Marsha embodied all that was fun and crazy, beautiful and hopeful about those times. She was bold and irreverent, funny, kind, and generous. She loved rock and roll, especially the Grateful Dead, and she loved Ram Dass and lived by his “Be Here Now” philosophy of life. She was an entrepreneur who hated capitalism. She always said that her businesses were cooperatives and was always frustrated that everyone else thought she was the boss. She printed her own Underground Railroad money and got other businesses in town to accept it as a form of exchange, a kind of bartering system.  

She took the phrase “question authority” to heart and liked to think of herself as an “outlaw.” She also always sold pot — which not only helped establish her outlaw bonafides but underwrote her business ventures, which were never fully self-sustaining.

There was, however, a dark side to Marsha’s story that started innocently enough with smoking and selling weed and taking psychedelics, a hallmark of those years, but ended with the use and sale of heavier drugs and relationships with some not very nice people. I was lucky, my drug of choice was always weed, but Marsha loved cocaine and she loved pushing boundaries and she was much too trusting of people not always deserving of her trust.

And she thought she was invincible. She wasn’t.

On April 25, 1988, Marsha left her office at the Underground Railroad to run an errand with one of her dealer connections. She left her keys, wallet, the jacket she always wore, and $32,000 in cash and half a loaf of hash in her safe. She was never seen or heard from again.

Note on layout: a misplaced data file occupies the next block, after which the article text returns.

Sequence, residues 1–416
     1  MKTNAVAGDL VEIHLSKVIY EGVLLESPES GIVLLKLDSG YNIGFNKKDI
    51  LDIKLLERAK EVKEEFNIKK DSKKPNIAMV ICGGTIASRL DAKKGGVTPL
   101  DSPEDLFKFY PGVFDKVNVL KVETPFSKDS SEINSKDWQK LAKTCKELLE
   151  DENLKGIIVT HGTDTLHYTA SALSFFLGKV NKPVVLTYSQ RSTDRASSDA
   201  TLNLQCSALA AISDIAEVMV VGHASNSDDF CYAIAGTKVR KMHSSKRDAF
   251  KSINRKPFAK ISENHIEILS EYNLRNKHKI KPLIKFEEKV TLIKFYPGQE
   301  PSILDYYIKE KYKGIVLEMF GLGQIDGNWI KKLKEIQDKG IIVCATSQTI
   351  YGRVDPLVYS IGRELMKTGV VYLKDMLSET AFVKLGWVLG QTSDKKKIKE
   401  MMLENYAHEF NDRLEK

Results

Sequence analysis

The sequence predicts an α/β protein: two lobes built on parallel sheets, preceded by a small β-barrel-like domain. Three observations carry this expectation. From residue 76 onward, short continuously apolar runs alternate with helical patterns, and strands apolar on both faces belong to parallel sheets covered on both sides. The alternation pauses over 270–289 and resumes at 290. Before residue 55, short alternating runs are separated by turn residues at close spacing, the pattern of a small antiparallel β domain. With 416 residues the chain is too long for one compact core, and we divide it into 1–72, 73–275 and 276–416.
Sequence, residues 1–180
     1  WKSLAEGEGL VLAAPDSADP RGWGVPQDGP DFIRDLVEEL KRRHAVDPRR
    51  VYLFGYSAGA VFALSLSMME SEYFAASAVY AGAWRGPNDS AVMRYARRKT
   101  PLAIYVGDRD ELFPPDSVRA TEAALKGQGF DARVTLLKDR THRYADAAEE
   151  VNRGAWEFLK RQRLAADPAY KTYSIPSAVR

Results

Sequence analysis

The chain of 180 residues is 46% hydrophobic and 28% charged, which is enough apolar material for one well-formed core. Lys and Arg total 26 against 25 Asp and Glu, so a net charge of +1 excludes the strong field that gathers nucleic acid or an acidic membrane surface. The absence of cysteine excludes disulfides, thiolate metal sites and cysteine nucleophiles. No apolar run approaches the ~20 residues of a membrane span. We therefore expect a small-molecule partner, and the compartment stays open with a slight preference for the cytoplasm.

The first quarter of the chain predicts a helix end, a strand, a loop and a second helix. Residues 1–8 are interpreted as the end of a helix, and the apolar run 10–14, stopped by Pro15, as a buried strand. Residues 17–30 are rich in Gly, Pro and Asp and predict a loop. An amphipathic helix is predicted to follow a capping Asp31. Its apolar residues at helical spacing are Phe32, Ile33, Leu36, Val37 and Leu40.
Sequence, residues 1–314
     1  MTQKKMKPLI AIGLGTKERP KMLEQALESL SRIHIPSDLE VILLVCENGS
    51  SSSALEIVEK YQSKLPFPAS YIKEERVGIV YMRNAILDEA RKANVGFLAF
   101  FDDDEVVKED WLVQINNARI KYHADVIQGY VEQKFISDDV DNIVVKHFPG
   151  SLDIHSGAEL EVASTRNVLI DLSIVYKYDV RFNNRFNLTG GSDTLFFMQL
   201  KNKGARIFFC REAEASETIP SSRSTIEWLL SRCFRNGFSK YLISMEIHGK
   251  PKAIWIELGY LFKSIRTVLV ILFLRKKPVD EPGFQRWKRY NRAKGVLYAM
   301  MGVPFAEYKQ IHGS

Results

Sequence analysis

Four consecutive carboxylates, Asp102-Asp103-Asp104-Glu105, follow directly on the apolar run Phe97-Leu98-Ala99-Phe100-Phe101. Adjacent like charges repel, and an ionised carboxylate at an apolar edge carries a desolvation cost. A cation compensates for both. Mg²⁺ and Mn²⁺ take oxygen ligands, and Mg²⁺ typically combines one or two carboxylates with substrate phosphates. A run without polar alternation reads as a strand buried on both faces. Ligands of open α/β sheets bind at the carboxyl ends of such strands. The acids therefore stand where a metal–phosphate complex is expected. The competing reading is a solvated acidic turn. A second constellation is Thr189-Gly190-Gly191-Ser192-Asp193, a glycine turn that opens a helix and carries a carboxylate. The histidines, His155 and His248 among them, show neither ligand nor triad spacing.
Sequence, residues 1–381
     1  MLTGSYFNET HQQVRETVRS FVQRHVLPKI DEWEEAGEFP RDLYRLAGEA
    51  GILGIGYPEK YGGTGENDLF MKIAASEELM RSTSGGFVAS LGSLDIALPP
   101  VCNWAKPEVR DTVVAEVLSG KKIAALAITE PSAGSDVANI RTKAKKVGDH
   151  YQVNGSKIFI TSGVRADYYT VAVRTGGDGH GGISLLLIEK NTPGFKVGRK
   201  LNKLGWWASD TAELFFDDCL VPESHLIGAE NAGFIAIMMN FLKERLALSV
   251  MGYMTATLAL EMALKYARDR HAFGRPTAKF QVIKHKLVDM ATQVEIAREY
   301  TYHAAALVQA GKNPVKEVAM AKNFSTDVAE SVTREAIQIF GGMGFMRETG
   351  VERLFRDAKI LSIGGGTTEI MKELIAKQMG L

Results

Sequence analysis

Several theories emerged about what happened to her: Some people think that she was caught by the FBI and agreed to snitch about her drug connections in exchange for witness protection. Others believe she intentionally decided to disappear rather than snitch on people (as per the outlaw code), while others think she got in over her head and was killed by the mafia or a local motorcycle gang. Others speculate that she had OD’d and her body was secretly disposed of. Some believe that she was running a real underground railroad, helping to move undocumented people to Canada and women who were being abused to safety. 

Those who believe in the first two theories were sure that one day she would resurface; perhaps she would be seen at a Grateful Dead concert or she would send a message to her sons or some of us who were closest to her. She never did.

Those who believe she’s dead are equally sure that Marsha would never willingly leave without letting someone know. We knew that she was constitutionally unable to pass a phone booth without stopping to check in with someone and would sooner or later reach out. She never did.

Some still believe that she is alive, that her privacy needs to be respected, and that nothing should be done to expose her since she has chosen not to expose herself. She would be 80 today. 

For the past 34 years, Marsha’s case has remained unsolved and those of us who have loved her have had no closure. My daughter, Jamie, and I decided it was time to find some answers. And, so, we re-entered Marsha’s world to discover what happened.